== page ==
21 Feb 2021 #9
He could apply for judicial dissolution

Good luck with that one like everything else judicial here, never mind the rip off legal and translation fees he will be hit with along the way, even native Poles suffer when it comes to the courts, let alone counting in how much time it would take.
OP s4albarn 1 | 7
21 Feb 2021 #10
@dolnoslask
Yes this is what I fear. I know how quickly legal fees can start to add up.

You guys have given me great answers but it's worse than I thought. I feel sick to my stomach now.
OP s4albarn 1 | 7
21 Feb 2021 #11
If I want to get a cohabitation agreement drawn up, is the notariusz the right place to do this?
dolnoslask 6 | 3,074
21 Feb 2021 #12
I have not come across this, but he will advise you of what is possible under Polish law, I suggest you discuss your concerns with him on your own, he can usually get you a sworn translator for a small fee to help if you do not speak Polish
OP s4albarn 1 | 7
22 Feb 2021 #13
I went to the Notariusz today. The translator went through the deed with me. It has us both listed as single and joint owners. I asked what would happen in case of separation. The notariusz said the preferred option would be to either sell or reach a payoff agreement for my share. If neither of these would be possible it would go to court as mentioned above. Still at the whim of the court after that I guess. :(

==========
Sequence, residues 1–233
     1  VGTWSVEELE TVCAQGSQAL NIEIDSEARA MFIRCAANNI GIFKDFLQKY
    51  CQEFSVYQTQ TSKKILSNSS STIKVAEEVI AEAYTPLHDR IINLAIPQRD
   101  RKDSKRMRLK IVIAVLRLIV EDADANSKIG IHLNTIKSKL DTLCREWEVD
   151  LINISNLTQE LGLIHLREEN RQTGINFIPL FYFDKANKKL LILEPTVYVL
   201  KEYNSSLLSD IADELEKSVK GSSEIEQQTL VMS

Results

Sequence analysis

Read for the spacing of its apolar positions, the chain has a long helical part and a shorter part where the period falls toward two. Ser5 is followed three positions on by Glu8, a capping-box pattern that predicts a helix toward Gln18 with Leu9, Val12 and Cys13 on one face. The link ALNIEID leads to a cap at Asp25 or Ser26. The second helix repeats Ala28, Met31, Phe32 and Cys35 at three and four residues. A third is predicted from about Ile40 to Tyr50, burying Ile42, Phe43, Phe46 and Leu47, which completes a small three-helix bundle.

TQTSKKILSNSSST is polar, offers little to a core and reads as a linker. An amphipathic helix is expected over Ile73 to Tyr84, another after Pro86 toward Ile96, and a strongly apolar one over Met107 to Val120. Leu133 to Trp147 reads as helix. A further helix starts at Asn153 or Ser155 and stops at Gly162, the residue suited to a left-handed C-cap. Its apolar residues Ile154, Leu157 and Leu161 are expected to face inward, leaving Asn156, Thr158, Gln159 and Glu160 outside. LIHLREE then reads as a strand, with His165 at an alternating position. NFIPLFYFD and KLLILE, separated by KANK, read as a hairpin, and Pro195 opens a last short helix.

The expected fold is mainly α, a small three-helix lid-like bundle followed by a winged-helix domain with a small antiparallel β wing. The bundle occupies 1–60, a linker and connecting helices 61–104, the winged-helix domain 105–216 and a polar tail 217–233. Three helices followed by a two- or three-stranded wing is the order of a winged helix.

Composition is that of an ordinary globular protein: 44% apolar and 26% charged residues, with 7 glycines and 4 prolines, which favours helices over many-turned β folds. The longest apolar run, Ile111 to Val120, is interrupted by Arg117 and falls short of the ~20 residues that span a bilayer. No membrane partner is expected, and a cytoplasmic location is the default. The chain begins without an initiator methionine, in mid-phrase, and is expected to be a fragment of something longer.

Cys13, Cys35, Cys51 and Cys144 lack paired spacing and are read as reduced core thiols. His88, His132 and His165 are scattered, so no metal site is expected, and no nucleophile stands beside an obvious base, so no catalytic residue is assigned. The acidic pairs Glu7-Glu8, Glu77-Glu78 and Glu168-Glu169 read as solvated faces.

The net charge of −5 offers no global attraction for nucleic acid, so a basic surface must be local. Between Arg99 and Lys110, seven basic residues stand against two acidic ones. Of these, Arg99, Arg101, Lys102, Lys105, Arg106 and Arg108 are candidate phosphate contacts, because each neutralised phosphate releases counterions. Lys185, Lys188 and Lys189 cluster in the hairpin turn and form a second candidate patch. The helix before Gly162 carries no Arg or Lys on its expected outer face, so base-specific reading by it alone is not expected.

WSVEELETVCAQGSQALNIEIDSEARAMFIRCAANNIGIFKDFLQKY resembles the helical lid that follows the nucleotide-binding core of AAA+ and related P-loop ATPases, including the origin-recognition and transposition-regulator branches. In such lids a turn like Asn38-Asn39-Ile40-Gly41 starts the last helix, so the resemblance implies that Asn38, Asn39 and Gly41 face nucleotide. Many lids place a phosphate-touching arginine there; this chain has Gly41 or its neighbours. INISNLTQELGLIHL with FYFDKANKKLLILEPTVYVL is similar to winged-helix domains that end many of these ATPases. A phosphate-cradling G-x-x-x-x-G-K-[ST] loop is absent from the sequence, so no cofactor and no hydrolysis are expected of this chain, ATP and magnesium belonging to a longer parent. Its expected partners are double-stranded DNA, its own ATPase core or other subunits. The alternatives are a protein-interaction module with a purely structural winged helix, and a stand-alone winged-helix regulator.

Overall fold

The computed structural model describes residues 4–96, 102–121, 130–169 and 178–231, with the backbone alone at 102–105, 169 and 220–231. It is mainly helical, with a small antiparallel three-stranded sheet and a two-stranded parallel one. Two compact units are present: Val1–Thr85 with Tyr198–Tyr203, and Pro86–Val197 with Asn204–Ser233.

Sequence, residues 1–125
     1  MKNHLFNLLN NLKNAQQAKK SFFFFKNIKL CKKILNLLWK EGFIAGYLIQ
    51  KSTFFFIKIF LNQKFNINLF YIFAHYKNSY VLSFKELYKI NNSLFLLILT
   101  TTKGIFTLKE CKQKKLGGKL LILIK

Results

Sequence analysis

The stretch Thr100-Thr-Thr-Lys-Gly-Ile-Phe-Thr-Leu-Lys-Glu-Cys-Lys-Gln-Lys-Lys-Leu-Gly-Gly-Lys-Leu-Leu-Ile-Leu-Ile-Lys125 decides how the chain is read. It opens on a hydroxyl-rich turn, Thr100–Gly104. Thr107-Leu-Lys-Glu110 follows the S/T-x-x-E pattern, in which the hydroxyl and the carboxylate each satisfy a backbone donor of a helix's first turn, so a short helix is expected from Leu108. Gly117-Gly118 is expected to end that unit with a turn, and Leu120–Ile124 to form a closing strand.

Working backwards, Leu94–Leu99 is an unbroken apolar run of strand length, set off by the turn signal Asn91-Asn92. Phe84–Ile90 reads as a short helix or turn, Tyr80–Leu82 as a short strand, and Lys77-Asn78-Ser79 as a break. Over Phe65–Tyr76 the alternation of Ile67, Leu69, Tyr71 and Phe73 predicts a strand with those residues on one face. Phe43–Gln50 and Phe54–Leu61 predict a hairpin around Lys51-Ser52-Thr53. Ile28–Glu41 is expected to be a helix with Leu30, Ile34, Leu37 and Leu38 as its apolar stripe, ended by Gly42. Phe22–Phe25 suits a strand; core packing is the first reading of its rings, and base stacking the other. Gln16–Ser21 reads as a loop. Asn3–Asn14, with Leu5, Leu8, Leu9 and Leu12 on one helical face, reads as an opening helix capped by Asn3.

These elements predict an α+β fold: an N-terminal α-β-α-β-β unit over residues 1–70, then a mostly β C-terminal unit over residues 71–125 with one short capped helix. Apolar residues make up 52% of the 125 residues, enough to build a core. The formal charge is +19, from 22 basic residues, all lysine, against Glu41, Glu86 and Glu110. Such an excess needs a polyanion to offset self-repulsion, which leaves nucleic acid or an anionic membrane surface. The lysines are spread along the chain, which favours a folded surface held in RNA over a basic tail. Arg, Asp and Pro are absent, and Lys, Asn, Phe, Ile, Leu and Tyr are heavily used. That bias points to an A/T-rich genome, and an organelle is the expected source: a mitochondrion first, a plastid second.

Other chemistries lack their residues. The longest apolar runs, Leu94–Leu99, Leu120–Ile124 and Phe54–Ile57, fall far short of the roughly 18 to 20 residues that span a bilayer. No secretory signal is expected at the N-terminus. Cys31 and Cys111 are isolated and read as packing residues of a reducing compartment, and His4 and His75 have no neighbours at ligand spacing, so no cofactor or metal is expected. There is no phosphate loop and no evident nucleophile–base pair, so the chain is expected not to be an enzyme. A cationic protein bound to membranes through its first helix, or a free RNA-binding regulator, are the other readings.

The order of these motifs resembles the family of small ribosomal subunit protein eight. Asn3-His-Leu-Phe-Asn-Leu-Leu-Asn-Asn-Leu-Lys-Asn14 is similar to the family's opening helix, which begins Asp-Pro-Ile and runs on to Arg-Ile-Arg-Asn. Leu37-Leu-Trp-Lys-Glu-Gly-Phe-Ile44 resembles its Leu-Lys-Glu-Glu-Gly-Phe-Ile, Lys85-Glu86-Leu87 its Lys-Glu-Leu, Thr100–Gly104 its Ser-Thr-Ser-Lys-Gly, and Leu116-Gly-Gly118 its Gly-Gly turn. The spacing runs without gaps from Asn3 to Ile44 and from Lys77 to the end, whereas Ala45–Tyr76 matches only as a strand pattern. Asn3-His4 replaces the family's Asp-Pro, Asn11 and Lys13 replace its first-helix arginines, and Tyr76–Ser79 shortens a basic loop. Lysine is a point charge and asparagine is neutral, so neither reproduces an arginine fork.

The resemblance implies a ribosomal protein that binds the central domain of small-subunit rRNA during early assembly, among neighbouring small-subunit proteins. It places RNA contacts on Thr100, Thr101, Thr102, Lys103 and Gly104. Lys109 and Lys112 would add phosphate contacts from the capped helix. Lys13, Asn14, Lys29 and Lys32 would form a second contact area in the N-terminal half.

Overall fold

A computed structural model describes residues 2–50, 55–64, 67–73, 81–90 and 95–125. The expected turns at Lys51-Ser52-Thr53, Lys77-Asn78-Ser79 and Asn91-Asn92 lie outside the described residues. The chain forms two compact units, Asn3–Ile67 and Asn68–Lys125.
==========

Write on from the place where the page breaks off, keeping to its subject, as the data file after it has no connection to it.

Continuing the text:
jon357 67 | 16,919
22 Feb 2021 #14
single and joint owners

Like "joint and several" in the U.K.?

One thing you need to know about is the meldunek system. A notariusz wouldn't necessarily explain it unless prompted. If you sell, whatever and someone is registered as living at the address, and that person is a woman or some carer of a child under 18, it's hard if not impossible to make them leave.

This is aside from any ownership issues.
OP s4albarn 1 | 7
22 Feb 2021 #15
@jon357
Thanks jon. This is starting to seem like a worse and worse idea the more I learn.
jon357 67 | 16,919
22 Feb 2021 #16
Thanks

Bear in mind that this may nave changed recently, may change in the future and the meldunek system was supposed to have been scrapped several years ago but wasn't. typical of Poland (watertight legislation is not a quality the Polish parliament is known for) regulations for the post-meldunek situation were never discussed.

Again, it's woth mentioning that a meldunek means you're a registered resident and has no impact on the ownershop status. It only gets complicated when there are under 18s involved or more than one person has the right to be registered there.
OP s4albarn 1 | 7
22 Feb 2021 #17
Would the meldunek have to be approved by both parties? i.e. Could she just move someone in later on and I would be screwed?
jon357 67 | 16,919
22 Feb 2021 #18
Would the meldunek have to be approved by both parties

This i'm not sure about. The owner needs to register (zameldowac) any resident (including themselves) and takes the document that shows they have legal title (the Akt Notarialny) with them to the council office.The owner can also deregister people, however there are a few cases (like the one mentioned above) which are more complicated.

You'd need to check if someone can do this singly in a case of "single and joint owners".
OP s4albarn 1 | 7
22 Feb 2021 #19
Ok thanks Jon, I'm going to look into this. Appreciate your input.